The 10th Amendment basically means that unless the Constitution explicitly speaks on a matter, the states can do whatever they want. However, the Federal government still has ways of making the states obey its will.

States are NOT mandated to issue REAL IDs

If you look at the Code of Federal Regulations, Title 6, Volume 1, Chapter I, Part 37 (one online source here), you will see the official laws that govern the issuance of REAL ID Driver’s Licenses and Identification Cards. Part 37 is divided into several subparts:

  • General.
  • Minimum Documentation, Verification, and Card Issuance Requirements.
  • Other Requirements.
  • Security at DMVs and Driver’s License and Identification Card Production Facilities.
  • Procedures for Determining State Compliance.
  • Driver’s Licenses and Identification Cards Issued Under section 202(d)(11) of the REAL ID Act.

A pretty comprehensive list here. But that very first section, “General,” begins with the following:

Subparts A through E of this part apply to States and U.S. territories that choose to issue driver’s licenses and identification cards that can be accepted by Federal agencies for official purposes.

Note the word “choose,” and the phrase “accepted by Federal agencies for official purposes.” In essence, it is incorrect to say that states are MANDATED by law to issue REAL IDs. States have the power to choose NOT to issue REAL IDs, and the Federal government has no Constitutional power to force them to do so.

So many states DIDN’T issue REAL IDs

And for many years, many states of various political persuasions adopted that view. Whether “red” or “blue,” many states held to the belief that REAL ID was an unconscionable imposition on state sovereignty, and that Bush or Obama or Trump didn’t have the power to tell states what to do with their state driver’s licenses.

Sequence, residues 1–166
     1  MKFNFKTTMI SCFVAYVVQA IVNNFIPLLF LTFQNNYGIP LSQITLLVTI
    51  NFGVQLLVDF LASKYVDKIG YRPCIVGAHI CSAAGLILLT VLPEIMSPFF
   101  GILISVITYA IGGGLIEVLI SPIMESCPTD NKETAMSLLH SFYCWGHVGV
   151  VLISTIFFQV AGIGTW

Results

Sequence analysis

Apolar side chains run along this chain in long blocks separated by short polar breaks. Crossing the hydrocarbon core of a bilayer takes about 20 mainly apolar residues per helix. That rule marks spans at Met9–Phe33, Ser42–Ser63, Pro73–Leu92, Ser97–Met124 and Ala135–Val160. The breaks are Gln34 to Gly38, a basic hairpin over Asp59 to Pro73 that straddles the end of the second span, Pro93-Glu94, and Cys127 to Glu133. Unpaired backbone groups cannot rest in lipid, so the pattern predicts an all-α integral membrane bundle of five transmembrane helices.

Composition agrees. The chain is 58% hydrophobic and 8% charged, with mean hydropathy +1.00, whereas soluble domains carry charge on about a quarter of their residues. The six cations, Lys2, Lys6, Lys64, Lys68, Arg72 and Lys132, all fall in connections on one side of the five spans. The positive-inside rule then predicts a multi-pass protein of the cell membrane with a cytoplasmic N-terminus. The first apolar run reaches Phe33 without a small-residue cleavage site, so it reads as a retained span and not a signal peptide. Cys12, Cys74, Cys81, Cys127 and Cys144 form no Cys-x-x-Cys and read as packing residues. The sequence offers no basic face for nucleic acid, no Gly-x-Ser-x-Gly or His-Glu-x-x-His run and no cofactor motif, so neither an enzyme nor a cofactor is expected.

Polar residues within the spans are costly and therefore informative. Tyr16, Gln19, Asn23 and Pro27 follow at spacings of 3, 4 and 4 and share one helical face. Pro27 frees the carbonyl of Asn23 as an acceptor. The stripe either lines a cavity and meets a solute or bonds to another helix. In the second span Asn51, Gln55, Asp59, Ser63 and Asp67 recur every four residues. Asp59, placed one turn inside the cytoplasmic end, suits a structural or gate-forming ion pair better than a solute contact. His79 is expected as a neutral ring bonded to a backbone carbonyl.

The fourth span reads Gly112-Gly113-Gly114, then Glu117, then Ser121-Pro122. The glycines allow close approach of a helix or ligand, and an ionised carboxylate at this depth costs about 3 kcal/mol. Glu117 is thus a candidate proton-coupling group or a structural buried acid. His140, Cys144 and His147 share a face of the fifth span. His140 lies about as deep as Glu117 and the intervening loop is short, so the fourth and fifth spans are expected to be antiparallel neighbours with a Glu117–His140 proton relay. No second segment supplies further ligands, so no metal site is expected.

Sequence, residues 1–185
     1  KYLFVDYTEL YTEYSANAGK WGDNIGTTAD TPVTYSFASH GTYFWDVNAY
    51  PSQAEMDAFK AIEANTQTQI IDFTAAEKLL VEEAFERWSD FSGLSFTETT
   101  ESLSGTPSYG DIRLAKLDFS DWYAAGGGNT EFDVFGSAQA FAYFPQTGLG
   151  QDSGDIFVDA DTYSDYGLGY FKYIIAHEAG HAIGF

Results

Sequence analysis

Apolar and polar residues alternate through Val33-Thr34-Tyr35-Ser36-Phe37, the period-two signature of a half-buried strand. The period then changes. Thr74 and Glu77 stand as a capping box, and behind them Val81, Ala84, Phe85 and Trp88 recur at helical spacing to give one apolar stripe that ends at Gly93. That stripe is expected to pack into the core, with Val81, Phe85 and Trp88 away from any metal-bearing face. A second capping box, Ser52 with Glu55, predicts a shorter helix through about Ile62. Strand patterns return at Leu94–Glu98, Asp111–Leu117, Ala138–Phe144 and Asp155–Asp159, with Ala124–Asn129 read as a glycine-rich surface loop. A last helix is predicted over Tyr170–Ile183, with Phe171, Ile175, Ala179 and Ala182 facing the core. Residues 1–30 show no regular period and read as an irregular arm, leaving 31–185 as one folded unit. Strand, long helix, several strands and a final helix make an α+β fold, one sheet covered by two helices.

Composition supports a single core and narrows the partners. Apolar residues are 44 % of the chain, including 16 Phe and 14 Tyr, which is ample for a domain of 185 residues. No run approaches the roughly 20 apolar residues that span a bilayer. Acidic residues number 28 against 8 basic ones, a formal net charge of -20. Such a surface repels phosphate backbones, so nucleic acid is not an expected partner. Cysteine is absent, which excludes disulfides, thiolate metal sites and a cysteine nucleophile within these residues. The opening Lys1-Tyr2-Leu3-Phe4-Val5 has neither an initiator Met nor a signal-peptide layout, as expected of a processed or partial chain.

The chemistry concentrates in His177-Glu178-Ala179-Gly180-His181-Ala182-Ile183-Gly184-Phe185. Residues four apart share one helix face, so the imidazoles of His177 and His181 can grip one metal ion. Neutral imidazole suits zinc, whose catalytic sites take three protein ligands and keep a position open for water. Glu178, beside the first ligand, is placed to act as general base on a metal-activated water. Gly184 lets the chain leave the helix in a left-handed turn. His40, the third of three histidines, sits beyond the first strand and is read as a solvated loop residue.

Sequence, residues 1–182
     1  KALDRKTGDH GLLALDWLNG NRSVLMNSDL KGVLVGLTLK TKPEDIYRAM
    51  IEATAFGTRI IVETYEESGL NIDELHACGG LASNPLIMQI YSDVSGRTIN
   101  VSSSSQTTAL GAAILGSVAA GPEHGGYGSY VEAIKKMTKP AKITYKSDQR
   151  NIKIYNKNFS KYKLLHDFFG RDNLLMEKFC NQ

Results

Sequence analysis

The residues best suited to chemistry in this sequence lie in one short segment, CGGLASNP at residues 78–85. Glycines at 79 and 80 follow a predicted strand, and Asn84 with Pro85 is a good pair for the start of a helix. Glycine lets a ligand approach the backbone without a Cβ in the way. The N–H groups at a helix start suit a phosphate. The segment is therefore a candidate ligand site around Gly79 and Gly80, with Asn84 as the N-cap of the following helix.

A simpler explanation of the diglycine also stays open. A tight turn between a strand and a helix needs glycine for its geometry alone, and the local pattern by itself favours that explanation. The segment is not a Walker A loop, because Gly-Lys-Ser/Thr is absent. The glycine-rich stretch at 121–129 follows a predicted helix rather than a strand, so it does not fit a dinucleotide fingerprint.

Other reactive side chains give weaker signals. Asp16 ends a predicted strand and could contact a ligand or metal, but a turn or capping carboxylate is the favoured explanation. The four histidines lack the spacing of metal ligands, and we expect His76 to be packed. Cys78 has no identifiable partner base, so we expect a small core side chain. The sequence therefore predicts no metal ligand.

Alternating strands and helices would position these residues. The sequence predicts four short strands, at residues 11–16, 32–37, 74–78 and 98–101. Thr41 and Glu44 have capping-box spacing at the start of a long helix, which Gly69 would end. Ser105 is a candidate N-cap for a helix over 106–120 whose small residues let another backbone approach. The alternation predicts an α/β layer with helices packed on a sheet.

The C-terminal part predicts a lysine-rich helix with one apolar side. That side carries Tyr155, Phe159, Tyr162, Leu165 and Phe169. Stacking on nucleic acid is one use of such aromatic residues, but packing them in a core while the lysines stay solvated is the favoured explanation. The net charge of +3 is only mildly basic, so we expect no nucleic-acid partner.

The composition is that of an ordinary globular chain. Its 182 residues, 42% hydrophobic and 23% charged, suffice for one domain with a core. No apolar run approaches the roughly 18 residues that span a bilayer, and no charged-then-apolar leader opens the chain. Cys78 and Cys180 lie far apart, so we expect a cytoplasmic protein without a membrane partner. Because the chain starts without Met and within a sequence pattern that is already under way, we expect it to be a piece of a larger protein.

I ran into this personally in my proposal work. There was a brief period of time in which MorphoTrak was bidding on driver’s license opportunities (thus competing with our sister company MorphoTrust), and I remember reviewing a Request for Proposal (RFP) issued by one of the states. I won’t reveal the state, but the opening section of its RFP made very clear that the state was NOT asking vendors to implement Federal REAL ID regulations, or asking vendors to help the state issue REAL IDs.

So some states declined to participate in REAL ID efforts for years…and years.

And the Federal government couldn’t dictate that states issue REAL IDs.

So the Federal government said that states don’t HAVE to issue REAL IDs, but…

But the Federal government COULD dictate which IDs could be “accepted by Federal agencies for official purposes.”

  • Accepted IDs included passports, Federal government-issued identification cards, various other national IDs…and REAL IDs issued by the states. Other IDs issued by the states were not acceptable.
  • Official purposes included visiting a military base (Federal control, not state control), visiting your Congressperson’s office (Federal control, not state control)…and the big one, entering the secure areas of an airport (again, Federal control, not state control).
Transportation Security Administration Checkpoint at John Glenn Columbus International Airport. By Michael Ball – Own work, CC0, https://commons.wikimedia.org/w/index.php?curid=77279000

So it’s pretty simple. If you want to get on a plane, even for a domestic flight, you have to pay $100 or so to get a passport. Well, unless your state happens to be one of the states that issues REAL IDs.